Soweto train crash investigation report released

Saturday, September 29, 2012
Nthambeleni Gabara

Johannesburg - The Railway Safety Regulator (RSR) on Friday released its long awaited investigation report on the Metrorail Soweto train crash that left 857 commuters injured.

Last year, on May 19, a speeding train travelling between Mzimhlophe and Phomolong in Soweto en route from Johannesburg to Naledi, collided with a stationary Soweto Business Express train after sustaining a rolling stock failure.

The report fingered the train driver, who was fired by Metrorail shortly after the crash, as a high risk individual with a history of speeding.

Briefing reporters, chairperson of the Board of Inquiry, Dr Chris Dutton, said the risk profile of the train driver indicates a prevalence of over speeding incidents in August and November 2009 as well as March 2011.

"The driver risk profile also shows that in June 2005, the driver did not sign off for duty, in August 2010, he refused a lawful instruction, while in September 2010, he was responsible for a train delay and in March 2011, he was late for duty.

"Our conclusion is that the driver is a high risk and if disciplinary hearings were applied properly, the driver would have been fired before the fatal crash," he said.

In terms of Passenger Rail Agency South Africa (PRASA) disciplinary procedure, the process resulted with the driver receiving three previous over speeding sanctions from September 2009 to April 2011, two of which resulted in six months warning and the last one a 12 month warning.

"The accident in November 2009 should have resulted in a 12 month warning, while the accident in April 2011 would have been sufficient to take the driver off the footplate. These points to a substandard process with the (disciplinary) procedure," he said.

According to Dutton, the weather on the day of the accident was cool as there was no cloud cover or any other natural restriction of vision of signals.

He said all signals were visible and their location was not confusing to the driver, however, he said the horizontal alignment of the section of line between signal 934 of the speeding train and the rear end of the stationary train was in a cutting and a curve such that the driver would have limited vision to the rear end of the stationary train.

Dutton said analysis from the data logger on the speeding train showed the signals were passed at speed and no attempt was made to stop. The train driver exceeded the 30 km/h speed restriction.

He said one of the three lines where the accident occurred, which he referred to as the up slow line, was closed in December 2010 due to flood damage.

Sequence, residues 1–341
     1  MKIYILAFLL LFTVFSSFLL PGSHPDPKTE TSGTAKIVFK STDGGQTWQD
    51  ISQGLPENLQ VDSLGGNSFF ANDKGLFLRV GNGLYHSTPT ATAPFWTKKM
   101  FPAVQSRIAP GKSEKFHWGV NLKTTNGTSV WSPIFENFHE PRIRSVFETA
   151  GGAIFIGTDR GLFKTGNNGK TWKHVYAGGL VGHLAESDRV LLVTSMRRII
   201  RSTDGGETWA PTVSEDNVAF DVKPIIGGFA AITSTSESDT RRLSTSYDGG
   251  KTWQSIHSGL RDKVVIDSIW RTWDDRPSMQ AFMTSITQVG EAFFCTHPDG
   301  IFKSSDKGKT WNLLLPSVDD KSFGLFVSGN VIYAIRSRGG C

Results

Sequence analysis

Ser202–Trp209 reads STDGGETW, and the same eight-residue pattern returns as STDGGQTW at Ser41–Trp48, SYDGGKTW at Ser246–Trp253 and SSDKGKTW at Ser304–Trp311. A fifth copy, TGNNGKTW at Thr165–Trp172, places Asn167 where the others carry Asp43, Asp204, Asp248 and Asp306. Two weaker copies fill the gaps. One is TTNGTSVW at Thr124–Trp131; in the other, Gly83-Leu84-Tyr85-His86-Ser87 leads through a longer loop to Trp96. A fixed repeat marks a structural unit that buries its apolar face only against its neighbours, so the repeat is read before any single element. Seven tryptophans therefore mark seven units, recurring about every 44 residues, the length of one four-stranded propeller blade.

Dutton maintained that if the line was available, the stationary train would have been routed onto the up slow line and the crash may not have happened.

As the train is reported to have been overcrowded, Dutton said overcrowding was not conducive to safe running of trains.

The report also singled out a communication break-down as another area of concern as train drivers resort to using their cellphones as a result of the regular equipment failure in the trunking radio.

Metrorail provides train drivers with R200 worth of airtime to communicate with their Train Control Officers, however they indicated that the airtime was not enough resulting in them using messages instead of voice communication.

According to the report, the train driver of the stationery train was also to blame for the accident as he did not report the failure of the train to the Train Control officer; instead he wasted time phoning another driver and technical control.

"The act of not reporting directly to the Train control Officer when normal train operations are interrupted is a substandard act.

"Should the correct procedure have been followed the Train control Officer may have had the opportunity to inform the driver of the train of the prevailing circumstances which may have averted the accident," said Dutton.

In June this year, PRASA boss, Lucky Montana said they were planning to buy thousands of new trains - with most manufactured locally - and was refurbishing old coaches, while revamping and modernising stations and signaling.

Briefing the National Council of Provinces' (NCOP) select committee on public services, Montana said a preferred bidder for the building of new passenger coaches would be announced in November and he expected the new train sets to be running in 2014.

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